While Intuitive Surgical's
David Gardner: Let me start with the easiest question of all -- how are things going?
Lonnie Smith: I often have investors come in and say, well, how is the quarter going? My answer is, if you are investing in Intuitive Surgical for the next quarter, please don't.
This is not about this quarter or next; this is about changing surgery. This is a disruptive technology that will be adopted over a long period of time, so if you're in it for the long term, then we would love to have you as an investor. If you are in it for the short term, we'd just as soon have you go buy somebody else's stock, not ours.
Our Take: Sounds like a very Foolish attitude. Management's top priority has to be the business, not the share price or Wall Street expectations. If Intuitive can remain committed to delivering tremendous patient value -- reduced costs and recovery time -- then the stock will take care of itself and reward long-term investors.
The View From First Place
Karl Thiel: A lot of people who talk about Intuitive talk about the company's monopoly and its broad moat. I just want to know how you think about competition. One of the appeals is that Intuitive doesn't have a lot of direct competition, but I wonder if you think there is vulnerability, ultimately, to somebody trying to enter the market, maybe during an upgrade cycle or even just trying to muscle their way in.
LS: I tell people the penalty for being first is you have a lot of hard problems to solve, and the benefit of being first is you have a lot of hard problems to solve. ...
I am a big believer that it is not the first 95% or even 98% of what you do. That just gets you in the ballgame. It is the last 1 or 2 percent that really differentiate you from the rest of the crowd, so the advantage of being first is we have made most of the mistakes. We have the benefit of our own errors and learning that comes from them, and of the intellectual property and knowhow that comes from that. But we also have the advantage of creating the installed base, all the instruments, the ancillary devices, all the things that really are necessary to do different procedures. Building a large installed base and the organization that supports and maintains that and builds it is really crucial. Anybody who comes after us will have to replicate a lot of that. That will be difficult.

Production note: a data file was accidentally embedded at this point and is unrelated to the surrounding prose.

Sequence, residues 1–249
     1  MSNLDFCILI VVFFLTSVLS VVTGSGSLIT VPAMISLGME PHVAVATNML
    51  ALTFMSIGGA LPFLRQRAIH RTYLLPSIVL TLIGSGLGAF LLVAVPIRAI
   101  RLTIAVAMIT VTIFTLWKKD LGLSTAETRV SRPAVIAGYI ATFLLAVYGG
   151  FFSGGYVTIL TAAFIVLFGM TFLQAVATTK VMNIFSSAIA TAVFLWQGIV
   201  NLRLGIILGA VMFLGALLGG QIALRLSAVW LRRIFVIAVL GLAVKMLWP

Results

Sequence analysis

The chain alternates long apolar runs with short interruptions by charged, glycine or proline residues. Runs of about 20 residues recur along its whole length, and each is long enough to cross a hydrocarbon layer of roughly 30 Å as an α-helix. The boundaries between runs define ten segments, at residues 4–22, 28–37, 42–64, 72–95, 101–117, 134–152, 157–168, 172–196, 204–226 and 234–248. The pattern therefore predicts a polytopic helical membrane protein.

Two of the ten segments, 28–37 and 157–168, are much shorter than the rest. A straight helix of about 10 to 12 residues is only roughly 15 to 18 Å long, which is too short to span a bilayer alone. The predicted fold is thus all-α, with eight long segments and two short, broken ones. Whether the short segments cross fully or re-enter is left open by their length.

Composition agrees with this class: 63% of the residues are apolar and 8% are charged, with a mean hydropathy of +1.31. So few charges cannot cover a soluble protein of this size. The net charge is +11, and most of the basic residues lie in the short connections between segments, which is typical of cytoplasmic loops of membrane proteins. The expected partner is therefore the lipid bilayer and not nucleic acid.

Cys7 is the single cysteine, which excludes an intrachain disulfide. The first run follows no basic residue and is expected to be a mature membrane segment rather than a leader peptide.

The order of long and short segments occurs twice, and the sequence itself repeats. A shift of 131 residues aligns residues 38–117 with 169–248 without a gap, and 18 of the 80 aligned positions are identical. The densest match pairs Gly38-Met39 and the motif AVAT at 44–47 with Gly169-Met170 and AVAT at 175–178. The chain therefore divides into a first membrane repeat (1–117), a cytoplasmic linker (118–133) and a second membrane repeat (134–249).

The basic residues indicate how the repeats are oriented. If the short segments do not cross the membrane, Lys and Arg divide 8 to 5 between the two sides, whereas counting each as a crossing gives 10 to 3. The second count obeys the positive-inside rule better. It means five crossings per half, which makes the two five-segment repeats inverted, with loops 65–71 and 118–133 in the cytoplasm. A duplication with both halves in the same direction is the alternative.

Our Take: Being top dog and first mover in an important, emerging industry is one of the six signs of a Rule Breaker. Some of the best lessons are those are learned from the school of hard knocks, and Smith and Intuitive have turned those into a strength.
The da Vinci Market
KT: How about the idea of market saturation? I wonder how many units you can realistically sell before you're kind of limited to mostly upgrades and replacements?
LS: I think that is largely going to depend on our own ingenuity. The point is that markets evolve, and so what we might think of as saturation today won't be saturation tomorrow if we are really innovative about continuing to drive the technology and its applications.
Now given what we know today, we are a long way away. When I first came to Intuitive, I thought, let me take a typical adoption curve and apply it. But I was totally wrong. I hadn't read Geoffrey Moore's Inside the Tornado yet. Adoption occurs procedure by procedure.
Some of that we can anticipate. What is the advantage, what is the value proposition here? The value, we believe, to the patient is efficacy divided by invasiveness. And if we have a good value to the patient, then we will have adoption. So we believe that the adoption of disruptive technology is driven by a significant shift of the value equation. But new ideas are often born very ugly; you don't dismiss them easily. It is very easy to walk away from them and often they are going to be the jewel that really drives the company.
Our Take: We agree. How do you eat an elephant? One bite at a time. Similarly, Intuitive measures the adoption of the da Vinci by one procedure at a time. Ultimately, saturation is a moving target, because the surgical market is always evolving.